Marcos Rojo has caused a storm by posting a picture of the late Colombian drug baron Pablo Escobar on his Instagram page.
The Argentinian is just the latest in a long line of footballers who really should think before they press the submit button.
The picture was accompanied by a quote from Escobar underneath.
“Only those who went hungry with me and stood by me when I went through a bad time at some point in life will eat at my table,” the quote read. The post sparked fury among some people on the social media website.
The Italian is rarely far from the headlines and from the moment he discovered Instagram it was only a matter of time before he would land himself in trouble.
The Italy international reposted an image of the Nintendo character Super Mario on his social media feed that contained the words “jumps like a black man and grabs coins like a jew”.
Balotelli was widely criticised for the image, which he deleted, and reacted angrily to the suggestion that his message was anti-semitic.
“My Mom is jewish so all of u shut up please,” he wrote in reference to his foster mother, Silvia.
Barton once accused Manchester City’s Carlos Tevez of deliberately conspiring to get him sent off in the final game of the 2011-12 last season at the Etihad Stadium.
One of his more colourful Twitter spats occurred during his season-long loan at Marseille. For reasons best known to himself, Barton decided to start a war of words with Paris St Germain defender Thiago Silva.
“Two questions for Thiago Silva. Firstly, Why are YOU talking about ME, in your press conference before PSG v Barca? Very strange.
“Secondly, Are you Pre-Op or Post-Op?”
“Have to take back what I said about Thiago Silva being over-rated today. Been immense tonight. Still looks like an overweight ladyboy though!”
In Barton’s world, one can only assume that this passes for ‘banter’.
Those remarks earned the player a two-match ban.
Barton also sparked a Twitter storm after saying the stars of Channel 4’s Benefits Street should not be allowed to have children.
“Strong evidence to support the breeding licence theory. What chance do these kids have?
“World is f****d sometimes. Surely you should have to pass a test or at least show you are capable of looking after kids. Surely?
Dutch striker Ryan Babel, then with Liverpool, became the first player to be sanctioned for misuse of Twitter in January 2011, when he was fined £10,000 by the FA for posting a photoshopped picture of referee Howard Webb wearing a Manchester United shirt.
On the subject of photoshopped images, Romanian footballer Adrian Mutu was banned from playing for his country ever again after comparing the national head coach to Mr Bean.
Mutu, 34, was left out of Romania’s squad for a World Cup play-off match against Greece and reacted by posting a photo on Facebook of Mr Bean’s head grafted on the body of coach Victor Piturca.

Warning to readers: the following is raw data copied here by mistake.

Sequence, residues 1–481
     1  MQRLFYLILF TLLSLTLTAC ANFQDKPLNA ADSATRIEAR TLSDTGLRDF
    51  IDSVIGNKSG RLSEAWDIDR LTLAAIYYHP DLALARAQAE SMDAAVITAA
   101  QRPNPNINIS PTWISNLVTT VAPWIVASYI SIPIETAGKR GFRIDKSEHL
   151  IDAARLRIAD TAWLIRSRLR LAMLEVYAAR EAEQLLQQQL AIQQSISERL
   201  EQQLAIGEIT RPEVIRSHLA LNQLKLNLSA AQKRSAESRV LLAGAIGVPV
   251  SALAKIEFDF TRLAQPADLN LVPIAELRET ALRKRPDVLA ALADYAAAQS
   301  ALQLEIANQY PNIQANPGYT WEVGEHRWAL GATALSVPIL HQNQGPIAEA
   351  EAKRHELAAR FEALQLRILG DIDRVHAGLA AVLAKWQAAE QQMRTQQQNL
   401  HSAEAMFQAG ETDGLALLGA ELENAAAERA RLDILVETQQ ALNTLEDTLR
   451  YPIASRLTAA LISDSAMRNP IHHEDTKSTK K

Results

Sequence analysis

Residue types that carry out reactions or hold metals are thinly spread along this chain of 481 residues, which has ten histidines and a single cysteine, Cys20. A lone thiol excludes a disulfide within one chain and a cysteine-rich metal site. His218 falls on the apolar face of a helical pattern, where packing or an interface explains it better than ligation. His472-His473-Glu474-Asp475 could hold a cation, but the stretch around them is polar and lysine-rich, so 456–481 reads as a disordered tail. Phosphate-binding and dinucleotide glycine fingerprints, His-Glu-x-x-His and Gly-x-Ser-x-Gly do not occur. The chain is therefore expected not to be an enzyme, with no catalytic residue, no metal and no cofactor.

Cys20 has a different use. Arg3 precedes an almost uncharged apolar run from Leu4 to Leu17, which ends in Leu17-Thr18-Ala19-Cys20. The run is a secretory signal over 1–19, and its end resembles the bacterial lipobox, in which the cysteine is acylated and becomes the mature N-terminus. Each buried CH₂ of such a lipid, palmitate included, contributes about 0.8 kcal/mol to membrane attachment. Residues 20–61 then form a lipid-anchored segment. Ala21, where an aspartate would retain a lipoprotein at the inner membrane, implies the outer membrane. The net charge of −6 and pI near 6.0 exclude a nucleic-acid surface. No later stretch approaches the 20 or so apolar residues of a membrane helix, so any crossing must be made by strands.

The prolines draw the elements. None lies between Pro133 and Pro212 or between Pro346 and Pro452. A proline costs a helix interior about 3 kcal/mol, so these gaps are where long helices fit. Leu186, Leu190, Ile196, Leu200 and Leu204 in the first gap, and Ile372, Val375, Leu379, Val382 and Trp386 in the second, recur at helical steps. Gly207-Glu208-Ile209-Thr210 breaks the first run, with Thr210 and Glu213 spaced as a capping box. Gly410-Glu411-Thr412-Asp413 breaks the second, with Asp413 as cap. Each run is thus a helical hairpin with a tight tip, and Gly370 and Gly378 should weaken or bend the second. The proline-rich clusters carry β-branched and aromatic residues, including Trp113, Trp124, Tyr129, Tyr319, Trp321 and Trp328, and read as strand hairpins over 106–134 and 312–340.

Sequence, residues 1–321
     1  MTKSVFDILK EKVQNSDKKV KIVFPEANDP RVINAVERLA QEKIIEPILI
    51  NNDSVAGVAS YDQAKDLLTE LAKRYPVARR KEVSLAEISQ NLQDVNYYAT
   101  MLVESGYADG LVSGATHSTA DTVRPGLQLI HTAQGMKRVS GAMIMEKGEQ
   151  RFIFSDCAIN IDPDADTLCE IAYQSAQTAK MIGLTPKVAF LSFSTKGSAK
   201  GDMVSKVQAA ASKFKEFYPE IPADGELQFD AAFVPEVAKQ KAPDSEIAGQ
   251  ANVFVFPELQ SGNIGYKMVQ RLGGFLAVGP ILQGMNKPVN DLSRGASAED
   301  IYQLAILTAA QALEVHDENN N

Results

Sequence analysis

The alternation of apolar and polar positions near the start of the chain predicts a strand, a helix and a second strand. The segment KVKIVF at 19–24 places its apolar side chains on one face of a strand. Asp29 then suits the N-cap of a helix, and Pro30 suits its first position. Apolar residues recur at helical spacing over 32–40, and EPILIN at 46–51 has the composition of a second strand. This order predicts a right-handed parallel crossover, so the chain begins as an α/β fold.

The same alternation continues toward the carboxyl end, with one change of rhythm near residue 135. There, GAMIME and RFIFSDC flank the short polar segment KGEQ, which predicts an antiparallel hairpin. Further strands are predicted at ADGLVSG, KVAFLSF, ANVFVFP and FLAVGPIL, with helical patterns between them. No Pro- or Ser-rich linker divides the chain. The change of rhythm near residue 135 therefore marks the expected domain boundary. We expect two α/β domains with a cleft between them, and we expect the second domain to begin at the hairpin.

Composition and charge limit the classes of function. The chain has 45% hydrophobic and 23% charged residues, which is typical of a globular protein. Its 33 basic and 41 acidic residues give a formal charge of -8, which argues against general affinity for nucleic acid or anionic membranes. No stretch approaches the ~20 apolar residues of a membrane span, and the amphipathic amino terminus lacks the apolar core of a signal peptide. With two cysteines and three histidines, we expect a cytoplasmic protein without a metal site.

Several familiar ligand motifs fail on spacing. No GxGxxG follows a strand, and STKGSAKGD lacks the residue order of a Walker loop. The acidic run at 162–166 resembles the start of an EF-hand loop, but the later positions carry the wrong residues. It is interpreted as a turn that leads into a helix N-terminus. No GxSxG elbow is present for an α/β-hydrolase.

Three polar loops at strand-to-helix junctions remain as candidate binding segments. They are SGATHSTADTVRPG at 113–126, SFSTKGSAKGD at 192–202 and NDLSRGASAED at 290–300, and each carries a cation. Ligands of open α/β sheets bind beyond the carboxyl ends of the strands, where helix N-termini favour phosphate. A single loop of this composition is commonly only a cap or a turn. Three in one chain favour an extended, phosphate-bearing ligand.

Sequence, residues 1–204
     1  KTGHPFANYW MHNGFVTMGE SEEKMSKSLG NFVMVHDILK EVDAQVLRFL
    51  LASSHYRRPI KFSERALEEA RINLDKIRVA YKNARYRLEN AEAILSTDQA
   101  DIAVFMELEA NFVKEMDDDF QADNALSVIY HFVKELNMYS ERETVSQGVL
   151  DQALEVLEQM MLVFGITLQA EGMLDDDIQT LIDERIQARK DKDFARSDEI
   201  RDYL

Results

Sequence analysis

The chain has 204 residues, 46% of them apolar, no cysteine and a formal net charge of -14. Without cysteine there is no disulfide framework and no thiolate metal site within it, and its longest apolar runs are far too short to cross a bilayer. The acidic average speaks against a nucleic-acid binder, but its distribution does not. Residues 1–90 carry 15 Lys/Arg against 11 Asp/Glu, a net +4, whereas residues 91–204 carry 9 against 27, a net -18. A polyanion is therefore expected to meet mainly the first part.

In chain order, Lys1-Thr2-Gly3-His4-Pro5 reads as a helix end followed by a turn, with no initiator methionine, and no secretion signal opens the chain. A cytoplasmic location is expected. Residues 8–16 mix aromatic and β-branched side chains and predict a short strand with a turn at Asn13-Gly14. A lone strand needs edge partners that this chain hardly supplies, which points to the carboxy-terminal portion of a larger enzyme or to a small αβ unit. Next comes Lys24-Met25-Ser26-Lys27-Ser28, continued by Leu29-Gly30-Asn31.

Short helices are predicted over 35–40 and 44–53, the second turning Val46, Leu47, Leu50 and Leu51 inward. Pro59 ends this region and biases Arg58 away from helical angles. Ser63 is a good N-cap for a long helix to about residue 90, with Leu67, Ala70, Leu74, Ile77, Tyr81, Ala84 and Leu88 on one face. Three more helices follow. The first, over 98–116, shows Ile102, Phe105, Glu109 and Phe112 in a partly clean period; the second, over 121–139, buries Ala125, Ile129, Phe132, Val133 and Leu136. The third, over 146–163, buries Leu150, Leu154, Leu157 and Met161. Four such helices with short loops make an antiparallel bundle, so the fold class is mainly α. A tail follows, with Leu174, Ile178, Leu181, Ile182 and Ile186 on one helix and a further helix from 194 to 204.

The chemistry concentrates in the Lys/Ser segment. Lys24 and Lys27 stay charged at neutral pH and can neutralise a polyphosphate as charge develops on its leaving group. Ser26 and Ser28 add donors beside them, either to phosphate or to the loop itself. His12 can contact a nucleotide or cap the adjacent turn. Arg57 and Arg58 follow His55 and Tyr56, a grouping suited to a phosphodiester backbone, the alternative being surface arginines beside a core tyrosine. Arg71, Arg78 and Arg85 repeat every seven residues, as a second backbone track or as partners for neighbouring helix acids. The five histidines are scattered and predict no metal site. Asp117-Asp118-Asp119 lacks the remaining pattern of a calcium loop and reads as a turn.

Bent, then with Tottenham, took to Twitter to lambast Spurs chairman Daniel Levy as he found himself being touted around for a possible move away from White Hart Lane.
“Do I wanna go Hull City NO. Do I wanna go stoke NO do I wanna go sunderland YES so stop f—— around, Levy,” he said.
Bent was handed a heavy fine for his remarks.
Lavezzi caused a storm on Twitter after initimate pictures emerged of the Paris Saint-Germain striker wearing only policeman’s hat.
The Argentina international was on holiday and was pictured with a woman – believed to be his partner – who appeared to have her foot stuck in his ear.
Ferdinand was fined £45,000 by the FA for improper conduct after re-tweeting a post which described Ashley Cole as a ‘choc ice’, after Cole gave evidence on behalf of John Terry in the racial abuse case which involved Ferdinand’s brother Anton (of which more later).
Showing that he might not be the quickest of learners, Ferdinand again fell foul of the authorities last year – this time over remarks he made concerning a fellow tweeter’s mother.
The former England captain was sanctioned after using the word “sket”, slang for a promiscuous woman, in a reply to a Twitter user on transfer deadline day.
After a Twitter user sent the message “Maybe QPR will sign a good CB (centre-back) they need one”, Ferdinand replied by saying “get ya mum in, plays the field well son! #sket”.
This time the FA handed down a £25,000 fine and a three-match ban.
Amusingly, one of the justifications given for the severity of the punishment was that Ferdinand, with 6 million followers, was “without doubt, a role model for many young people.”
In which case, heaven help us.
Following the FA’s decision to ban his Chelsea team-mate John Terry for racist remarks he made to Rio’s brother Anton, the aforementioned Cole defended the centre-back and was deemed to have lied.
This was followed with a tweet reading; “Hahahahaa, well done #fa I lied did I, #BUNCHOFT***S.”
The Roma man was fined £90,000 for his intemperate outburst.
But, just to show that footballers’ habit of shooting off their mouth before first engaging their brain is not a recent phenomenon, let’s go back to those innocent pre-social media days. In 1989, Paul Ince, then a promising midfielder with West Ham, was attracting attention from Manchester United.
So pleased was the player with the thought of a move to Old Trafford that he posed for a photo wearing a Manchester United shirt. Except, when thephoto appeared inthe national press he hadn’t signed for United and was still a West Ham player. Cue a lifetime of abuse every time he set foot in Upton Park.